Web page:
China GDP: Beijing abandons 2020 economic growth target, Premier Li Keqiang confirms at NPC
China will not set an economic growth target for the first time in 2020, Premier Li Keqiang confirmed at the National People’s Congress on Friday in Beijing
The move was expected in some quarters, with the economy having contracted by 6.8 per cent in the first quarter of 2020 compared to a year earlier, under huge pressure from the coronavirus pandemic.
“We have not set the specific [gross domestic product] target mainly due to the global pandemic and big uncertainties in the economy and trade,” read the work report, adding that China was facing an “unpredictable” time.
China's government has, though, set a target of creating 9 million new urban jobs, compared to 11 million last year, and a surveyed urban unemployment rate of around 6 per cent, compared to 5.5 per cent last year. In 2019, China created 13.52 million new urban jobs.
The target for consumer price index (CPI) growth for the year is around 3.5 per cent, compared to 3 per cent last year.
Beijing has set a local special bond quota at 3.75 trillion yuan (US$527 billion), compared to 2.15 trillion yuan last year. It will issue 1 trillion yuan in special Treasury bonds, targeting a fiscal deficit ratio of 3.6 per cent, compared to 2.8 per cent last year. As the special Treasury bonds are not included in central government’s budget, they do not contribute to raising the deficit-to-gross domestic product (GDP) ratio.
“We must be clear that efforts to stabilise employment, ensure living standards, eliminate poverty, and prevent and defuse risks must be underpinned by economic growth; so ensuring stable economic performance is of crucial significance,” the work report continued.
“We need to pursue reform and opening up as a means to stabilise employment, ensure people’s well-being, stimulate consumption, energise the market, and achieve stable growth. We need to blaze a new path that enables us to respond effectively to shocks and sustain a positive growth cycle.”
The report also said China would focus on more stable and higher-quality imports and exports, and a basic equilibrium in the balance of payments
Growth in personal income that is basically in step with economic growth, elimination of poverty among all rural residents living below the current poverty line and in all poor counties, effective prevention and control of major financial risks and a further drop in energy consumption per unit of GDP and the discharge of major pollutants were also included.
“We will work harder to improve the composition of fiscal spending. We will see that spending on people’s basic well-being is only increased and not cut, ensure spending in key areas, and resolutely cut general expenditures.
“Construction of new government buildings and wasteful and excessive spending will be strictly prohibited. Governments at all levels must truly tighten their belt. The central government will take the lead by committing to negative growth in its budgetary spending, with a more than 50 per cent cut to outlays on non-essential and non-obligatory items.”
The virus initially shutdown large swathes of China's economy, damaging supply chains and China's exports. But it has now locked down many of China's major trading markets, meaning the economy is facing a second shock wave in disappearing demand for its products abroad.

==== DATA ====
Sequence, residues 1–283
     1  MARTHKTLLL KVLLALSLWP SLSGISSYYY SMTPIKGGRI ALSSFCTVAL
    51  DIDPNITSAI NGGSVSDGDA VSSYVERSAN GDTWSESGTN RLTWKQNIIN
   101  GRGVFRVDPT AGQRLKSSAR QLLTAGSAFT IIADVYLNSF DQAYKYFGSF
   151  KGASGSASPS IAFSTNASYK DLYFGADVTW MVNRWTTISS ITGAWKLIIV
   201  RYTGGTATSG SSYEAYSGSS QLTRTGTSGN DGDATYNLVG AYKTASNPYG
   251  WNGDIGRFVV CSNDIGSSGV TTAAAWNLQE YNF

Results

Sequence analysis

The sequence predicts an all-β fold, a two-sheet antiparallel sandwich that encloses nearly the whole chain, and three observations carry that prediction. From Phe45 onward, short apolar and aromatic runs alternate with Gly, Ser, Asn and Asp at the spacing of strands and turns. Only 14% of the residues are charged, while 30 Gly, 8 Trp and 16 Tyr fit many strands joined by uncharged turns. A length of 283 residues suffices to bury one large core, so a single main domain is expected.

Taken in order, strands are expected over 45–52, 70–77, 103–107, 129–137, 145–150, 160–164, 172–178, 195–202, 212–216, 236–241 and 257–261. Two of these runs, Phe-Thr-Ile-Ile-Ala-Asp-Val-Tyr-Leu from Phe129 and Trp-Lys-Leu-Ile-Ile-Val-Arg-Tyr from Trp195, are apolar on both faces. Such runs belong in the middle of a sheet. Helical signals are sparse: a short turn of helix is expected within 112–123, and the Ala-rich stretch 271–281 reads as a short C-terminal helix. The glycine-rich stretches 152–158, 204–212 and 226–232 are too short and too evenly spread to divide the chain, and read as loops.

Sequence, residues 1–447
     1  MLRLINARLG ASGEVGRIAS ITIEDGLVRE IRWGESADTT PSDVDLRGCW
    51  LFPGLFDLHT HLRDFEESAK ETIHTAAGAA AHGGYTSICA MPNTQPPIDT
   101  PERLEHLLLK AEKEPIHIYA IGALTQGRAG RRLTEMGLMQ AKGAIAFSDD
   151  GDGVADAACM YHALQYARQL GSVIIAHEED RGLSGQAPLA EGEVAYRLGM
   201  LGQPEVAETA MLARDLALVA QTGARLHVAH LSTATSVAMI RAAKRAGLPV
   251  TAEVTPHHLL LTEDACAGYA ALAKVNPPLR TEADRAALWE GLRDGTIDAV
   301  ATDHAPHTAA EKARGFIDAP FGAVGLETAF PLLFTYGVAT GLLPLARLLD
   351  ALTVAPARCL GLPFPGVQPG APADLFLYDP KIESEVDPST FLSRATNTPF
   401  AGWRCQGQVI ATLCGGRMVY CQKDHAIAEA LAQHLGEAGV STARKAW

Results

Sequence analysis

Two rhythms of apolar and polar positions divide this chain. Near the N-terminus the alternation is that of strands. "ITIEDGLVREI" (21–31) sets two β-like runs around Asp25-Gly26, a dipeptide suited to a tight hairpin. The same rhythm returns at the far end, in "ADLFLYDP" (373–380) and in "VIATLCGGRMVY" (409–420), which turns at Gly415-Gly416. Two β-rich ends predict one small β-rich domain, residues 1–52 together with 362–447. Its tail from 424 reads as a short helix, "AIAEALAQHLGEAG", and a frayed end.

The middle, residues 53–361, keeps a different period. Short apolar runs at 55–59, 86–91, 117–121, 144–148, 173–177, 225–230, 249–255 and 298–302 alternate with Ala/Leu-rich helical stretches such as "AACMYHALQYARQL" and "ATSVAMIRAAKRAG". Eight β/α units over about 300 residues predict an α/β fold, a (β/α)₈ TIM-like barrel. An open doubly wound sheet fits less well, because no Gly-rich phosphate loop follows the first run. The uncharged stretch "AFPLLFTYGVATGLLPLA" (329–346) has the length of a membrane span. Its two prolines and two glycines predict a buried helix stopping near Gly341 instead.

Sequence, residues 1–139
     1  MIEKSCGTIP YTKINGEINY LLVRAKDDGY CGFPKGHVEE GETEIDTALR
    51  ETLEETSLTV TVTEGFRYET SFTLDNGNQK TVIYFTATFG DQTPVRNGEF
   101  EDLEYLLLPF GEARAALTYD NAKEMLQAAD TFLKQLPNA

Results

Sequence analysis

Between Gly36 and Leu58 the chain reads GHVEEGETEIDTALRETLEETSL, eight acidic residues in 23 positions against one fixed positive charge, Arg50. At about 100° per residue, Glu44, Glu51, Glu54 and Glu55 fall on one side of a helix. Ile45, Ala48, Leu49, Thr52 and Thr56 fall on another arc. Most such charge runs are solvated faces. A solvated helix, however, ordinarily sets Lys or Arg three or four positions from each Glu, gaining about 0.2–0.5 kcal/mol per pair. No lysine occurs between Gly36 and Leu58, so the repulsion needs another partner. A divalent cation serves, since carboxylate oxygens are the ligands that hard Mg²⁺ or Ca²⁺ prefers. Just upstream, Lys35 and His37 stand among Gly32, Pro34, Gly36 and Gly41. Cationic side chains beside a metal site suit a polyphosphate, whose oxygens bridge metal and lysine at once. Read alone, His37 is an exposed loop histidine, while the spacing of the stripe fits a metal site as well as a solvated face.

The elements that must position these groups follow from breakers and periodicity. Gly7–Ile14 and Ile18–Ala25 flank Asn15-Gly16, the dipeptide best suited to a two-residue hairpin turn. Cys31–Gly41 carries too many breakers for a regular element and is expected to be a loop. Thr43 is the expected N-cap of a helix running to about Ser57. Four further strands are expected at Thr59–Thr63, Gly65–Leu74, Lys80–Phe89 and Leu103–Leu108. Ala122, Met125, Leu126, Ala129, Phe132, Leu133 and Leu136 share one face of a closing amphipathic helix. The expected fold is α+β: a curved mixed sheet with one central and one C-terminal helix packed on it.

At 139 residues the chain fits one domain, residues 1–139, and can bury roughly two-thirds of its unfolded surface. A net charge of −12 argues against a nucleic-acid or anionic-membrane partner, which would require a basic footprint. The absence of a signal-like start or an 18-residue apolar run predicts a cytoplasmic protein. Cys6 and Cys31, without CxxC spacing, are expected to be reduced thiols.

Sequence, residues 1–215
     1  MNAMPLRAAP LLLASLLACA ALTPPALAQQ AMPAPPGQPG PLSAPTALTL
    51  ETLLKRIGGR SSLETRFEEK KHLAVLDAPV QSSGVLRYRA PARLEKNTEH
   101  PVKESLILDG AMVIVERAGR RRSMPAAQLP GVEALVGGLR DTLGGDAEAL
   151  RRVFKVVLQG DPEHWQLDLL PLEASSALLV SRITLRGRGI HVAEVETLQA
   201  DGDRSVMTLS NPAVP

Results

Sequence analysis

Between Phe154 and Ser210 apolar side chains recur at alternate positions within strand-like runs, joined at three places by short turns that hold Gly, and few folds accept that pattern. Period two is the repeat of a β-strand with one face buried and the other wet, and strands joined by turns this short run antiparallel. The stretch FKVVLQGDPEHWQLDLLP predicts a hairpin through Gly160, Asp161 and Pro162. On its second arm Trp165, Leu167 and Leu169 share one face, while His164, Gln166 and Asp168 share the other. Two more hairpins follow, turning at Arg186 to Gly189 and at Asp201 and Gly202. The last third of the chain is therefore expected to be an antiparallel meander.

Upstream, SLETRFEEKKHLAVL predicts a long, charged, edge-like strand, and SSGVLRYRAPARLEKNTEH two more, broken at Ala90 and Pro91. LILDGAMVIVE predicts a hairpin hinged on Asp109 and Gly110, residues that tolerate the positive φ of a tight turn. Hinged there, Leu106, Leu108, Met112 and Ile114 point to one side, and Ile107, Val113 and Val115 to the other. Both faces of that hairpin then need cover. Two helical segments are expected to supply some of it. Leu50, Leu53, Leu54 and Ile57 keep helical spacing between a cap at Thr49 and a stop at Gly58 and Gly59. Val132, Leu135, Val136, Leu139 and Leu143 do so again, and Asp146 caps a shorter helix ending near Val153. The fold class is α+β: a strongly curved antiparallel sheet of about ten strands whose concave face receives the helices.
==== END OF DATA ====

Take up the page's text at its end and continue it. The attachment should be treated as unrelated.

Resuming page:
At the National People’s Congress (NPC) last year, the government set a growth target range of between 6.0 and 6.5 per cent for 2019. Actual GDP growth came just within target range, at 6.1 per cent.
The International Monetary Fund predicted growth of 1.2 per cent for China's economy this year, following the coronavirus disruption. This would be a historic annual low, but is still higher than some private sector forecasts.
But after years in which GDP growth was the major economic target of the ruling Communist Party, focus in recent months has changed to jobs, amid growing concern about the rising levels of unemployment caused by the coronavirus.
Over the course of the past few months, the official metrics of unemployment have ticked up. Surveyed unemployment rose to 6.0 per cent in April, up from 5.9 per cent in March and 5.2 per cent in December, while registered urban unemployment stood at 3.66 per cent in the first quarter of the year, up from 3.62 per cent at the end of last year.
But these metrics do not tell the full story. Neither indicator includes China's nearly 300 million migrant workforce, who move from job to job without a contract. In April, analysts at Zhongtai Securities estimated that there could be up to 70 million people to have lost their jobs during the virus, which would mean a real unemployment rate of more than 20 per cent.
Consumer inflation, meanwhile, soared over the second half of 2019 and early part of 2020, due in large part to pork shortages stemming from an African swine fever outbreak that led to the deaths of more than 100 million hogs through culling or disease.
The CPI, which is the weighted price of a basket of goods in the world's second largest economy, rose 5.2 per cent in February, an eight-year high. The inflation rate has come down since then, to 3.3 per cent in April, as consumers cut back on spending in the wake of the coronavirus pandemic, weakening price pressures.